Capital Charges

Wastewater Rules and Regulations Reference


(A) All classifications of users subject to a capital improvement surcharge shall pay the applicable surcharge in addition to other sewage service charges imposed by this chapter. Capital improvement surcharges shall remain in effect until the cost of the intended installations, adjustments or improvements to the water pollution control utility has been retired and the capital improvement surcharge area has been retired.

Why does City Utilities charge Monthly Capital Improvement Surcharges?

City Utilities utilizes “Monthly Capital Improvement Surcharges” (also referred to as capital charges) to reimburse itself and/or developers that City Utilities’ partners with for the cost of capital improvements made in an area done in anticipation of future customers.  Typically, areas where capital charges are used are those that require more investment than normal for extending infrastructure.

  • City Utilities believes that the cost of the improvements should primarily be paid by those future-benefitting customers once they connect (growth pays for growth).
  • City Utilities believes that taking input from developers regarding the building market at the time is important. If City Utilities and/or the Developer were to put all the capital costs into the cost of the lot or the connection fee and require it to be paid up front, the cost of the lot or fee would be significantly higher and would make the sale of lots less competitive.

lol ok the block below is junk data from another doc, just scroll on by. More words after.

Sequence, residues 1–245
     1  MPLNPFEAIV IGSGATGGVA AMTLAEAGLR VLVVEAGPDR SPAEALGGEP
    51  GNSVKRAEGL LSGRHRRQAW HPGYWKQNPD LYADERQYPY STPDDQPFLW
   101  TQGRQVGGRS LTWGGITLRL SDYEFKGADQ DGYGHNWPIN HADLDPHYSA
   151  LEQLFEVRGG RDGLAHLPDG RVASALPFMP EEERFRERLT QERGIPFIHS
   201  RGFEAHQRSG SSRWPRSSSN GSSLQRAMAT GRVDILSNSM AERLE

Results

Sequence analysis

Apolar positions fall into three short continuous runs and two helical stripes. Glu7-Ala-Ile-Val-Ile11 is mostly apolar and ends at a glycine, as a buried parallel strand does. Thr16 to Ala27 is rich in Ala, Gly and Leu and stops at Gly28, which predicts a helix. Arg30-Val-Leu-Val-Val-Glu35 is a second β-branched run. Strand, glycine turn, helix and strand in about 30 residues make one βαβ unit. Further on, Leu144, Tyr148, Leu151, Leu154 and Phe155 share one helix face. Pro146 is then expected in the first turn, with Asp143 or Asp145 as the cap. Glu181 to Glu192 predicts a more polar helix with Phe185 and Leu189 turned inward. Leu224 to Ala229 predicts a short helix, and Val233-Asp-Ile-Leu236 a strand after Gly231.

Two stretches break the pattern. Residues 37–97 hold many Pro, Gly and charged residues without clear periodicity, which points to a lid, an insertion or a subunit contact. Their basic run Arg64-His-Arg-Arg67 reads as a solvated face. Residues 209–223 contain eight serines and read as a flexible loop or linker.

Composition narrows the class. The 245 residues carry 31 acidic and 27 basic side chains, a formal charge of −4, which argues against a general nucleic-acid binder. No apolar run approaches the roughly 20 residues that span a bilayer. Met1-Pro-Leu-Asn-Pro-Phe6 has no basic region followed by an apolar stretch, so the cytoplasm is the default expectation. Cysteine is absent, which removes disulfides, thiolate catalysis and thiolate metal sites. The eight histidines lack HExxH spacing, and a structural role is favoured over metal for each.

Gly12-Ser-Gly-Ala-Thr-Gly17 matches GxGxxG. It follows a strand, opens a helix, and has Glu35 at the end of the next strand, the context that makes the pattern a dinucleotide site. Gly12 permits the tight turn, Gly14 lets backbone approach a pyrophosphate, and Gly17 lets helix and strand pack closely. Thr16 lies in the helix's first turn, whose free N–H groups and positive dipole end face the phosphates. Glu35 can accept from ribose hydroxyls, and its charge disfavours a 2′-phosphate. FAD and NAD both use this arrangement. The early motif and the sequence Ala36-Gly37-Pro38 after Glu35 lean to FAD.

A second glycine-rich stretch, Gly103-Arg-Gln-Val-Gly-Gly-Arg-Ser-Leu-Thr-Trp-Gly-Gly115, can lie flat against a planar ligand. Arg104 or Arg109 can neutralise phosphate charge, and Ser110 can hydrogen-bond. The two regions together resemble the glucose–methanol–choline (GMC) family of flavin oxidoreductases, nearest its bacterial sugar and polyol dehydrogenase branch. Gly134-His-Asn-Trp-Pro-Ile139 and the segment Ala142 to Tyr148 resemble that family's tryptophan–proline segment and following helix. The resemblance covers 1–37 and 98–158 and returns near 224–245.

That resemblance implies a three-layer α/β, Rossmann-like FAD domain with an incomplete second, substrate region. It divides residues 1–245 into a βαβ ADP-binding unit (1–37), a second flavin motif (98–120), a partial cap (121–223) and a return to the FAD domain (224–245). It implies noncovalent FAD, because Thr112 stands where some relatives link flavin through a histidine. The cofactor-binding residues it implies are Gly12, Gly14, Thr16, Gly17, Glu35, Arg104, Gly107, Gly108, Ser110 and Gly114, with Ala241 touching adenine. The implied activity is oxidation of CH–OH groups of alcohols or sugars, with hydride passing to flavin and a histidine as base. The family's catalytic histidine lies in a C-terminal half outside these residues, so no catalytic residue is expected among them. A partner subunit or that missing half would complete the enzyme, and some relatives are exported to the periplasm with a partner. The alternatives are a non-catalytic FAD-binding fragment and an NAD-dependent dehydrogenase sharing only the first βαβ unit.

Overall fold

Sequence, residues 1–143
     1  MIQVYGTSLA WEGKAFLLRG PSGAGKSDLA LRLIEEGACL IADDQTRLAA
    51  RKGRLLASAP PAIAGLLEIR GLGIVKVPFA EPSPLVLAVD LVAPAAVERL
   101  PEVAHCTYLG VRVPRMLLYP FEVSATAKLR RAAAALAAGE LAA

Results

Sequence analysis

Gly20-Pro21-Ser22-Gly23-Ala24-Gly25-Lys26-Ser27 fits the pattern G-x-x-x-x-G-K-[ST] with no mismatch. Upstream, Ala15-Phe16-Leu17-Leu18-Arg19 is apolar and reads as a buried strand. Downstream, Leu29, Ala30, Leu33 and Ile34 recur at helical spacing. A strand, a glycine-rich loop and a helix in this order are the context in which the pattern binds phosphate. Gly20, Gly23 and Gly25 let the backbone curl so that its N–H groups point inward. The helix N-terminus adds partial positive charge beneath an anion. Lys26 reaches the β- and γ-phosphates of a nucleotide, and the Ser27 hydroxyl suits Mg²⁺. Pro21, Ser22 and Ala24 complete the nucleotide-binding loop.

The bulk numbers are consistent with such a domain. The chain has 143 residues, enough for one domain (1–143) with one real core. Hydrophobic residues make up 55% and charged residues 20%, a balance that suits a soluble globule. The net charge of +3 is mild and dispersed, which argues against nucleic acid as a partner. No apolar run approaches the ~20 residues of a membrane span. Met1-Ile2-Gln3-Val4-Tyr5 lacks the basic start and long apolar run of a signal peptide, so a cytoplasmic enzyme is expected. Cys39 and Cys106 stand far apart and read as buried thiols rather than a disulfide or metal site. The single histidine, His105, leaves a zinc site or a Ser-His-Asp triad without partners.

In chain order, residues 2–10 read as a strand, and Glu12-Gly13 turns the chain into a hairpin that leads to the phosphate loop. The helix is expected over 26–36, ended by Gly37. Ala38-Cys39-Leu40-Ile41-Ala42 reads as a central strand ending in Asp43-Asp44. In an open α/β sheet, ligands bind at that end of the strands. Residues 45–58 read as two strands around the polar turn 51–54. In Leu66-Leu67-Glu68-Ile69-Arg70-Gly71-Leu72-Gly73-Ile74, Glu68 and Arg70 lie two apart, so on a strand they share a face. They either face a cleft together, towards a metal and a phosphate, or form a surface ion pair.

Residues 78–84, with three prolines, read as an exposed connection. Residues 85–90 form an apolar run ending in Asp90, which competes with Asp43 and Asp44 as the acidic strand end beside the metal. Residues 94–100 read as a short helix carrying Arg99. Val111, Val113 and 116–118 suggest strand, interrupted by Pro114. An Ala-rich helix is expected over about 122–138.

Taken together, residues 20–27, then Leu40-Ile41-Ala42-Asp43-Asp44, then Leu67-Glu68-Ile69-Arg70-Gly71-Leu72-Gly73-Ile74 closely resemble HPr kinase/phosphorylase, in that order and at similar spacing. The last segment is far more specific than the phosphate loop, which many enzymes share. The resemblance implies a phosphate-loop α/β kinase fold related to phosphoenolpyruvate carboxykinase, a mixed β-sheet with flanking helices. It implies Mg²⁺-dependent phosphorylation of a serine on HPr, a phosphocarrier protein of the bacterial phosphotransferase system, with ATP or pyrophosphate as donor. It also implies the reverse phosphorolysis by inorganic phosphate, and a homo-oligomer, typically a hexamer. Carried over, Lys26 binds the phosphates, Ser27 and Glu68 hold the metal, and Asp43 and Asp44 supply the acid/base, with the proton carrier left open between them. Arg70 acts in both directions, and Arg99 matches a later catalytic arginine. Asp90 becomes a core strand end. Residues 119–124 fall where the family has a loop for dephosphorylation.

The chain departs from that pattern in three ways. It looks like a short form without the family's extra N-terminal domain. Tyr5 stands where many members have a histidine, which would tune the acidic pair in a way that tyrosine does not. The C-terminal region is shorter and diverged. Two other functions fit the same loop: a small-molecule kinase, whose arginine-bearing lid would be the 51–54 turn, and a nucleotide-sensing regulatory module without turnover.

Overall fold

• City Utilities believes that around $20-25/month is the maximum amount it wants to add to a customer’s monthly bill.
  • City Utilities or the developer pays for the investment and gets paid back partially through the capital charges collected.  To account for the cost and time, City Utilities and/or developers collect an interest rate and/or management fee in addition to the project costs. These are all built into the monthly capital charge.

How are capital charge amounts and their end dates determined?

Typically, City Utilities estimates how much the infrastructure will cost and forecasts how many customers will benefit from the capital improvements/infrastructure constructed.   Sometimes the infrastructure installment is done in phases where some could be installed years later due to additional development in the area.

  • Those original estimates become final investment amounts once construction is complete, and sometimes the estimates are lower or higher than actual cost. If the amount invested is less than estimated, it should reduce the time to pay off the investment. Below is the list of active capital charge areas and the projected length of time each property in that area will be expected to pay the surcharge. The projected length of time is based on the date of each property’s connection to the system.
    • Rothman – 18 years
    • Tiernan Shed B – 19 years
    • Neuhaus – 21 years
    • Upper Ely – 30 years
  • Customer forecasting is based on the best judgement of market conditions at the time. Market conditions include, but are not limited to:
    • The types of development that are in demand (i.e., high density apartments vs single-family houses)
    • How fast lots are developed
    • Availability of building contractors
    • Demand for new construction
  • If customer growth for the area exceeds the original forecast, then additional improvements might be needed to support growth. City Utilities believes it is better to phase in improvements than overbuild up front.
  • If customers connect years sooner than originally forecasted, the amount invested gets paid off faster. If fewer customers connect than anticipated, then it takes longer to pay off the investment amount.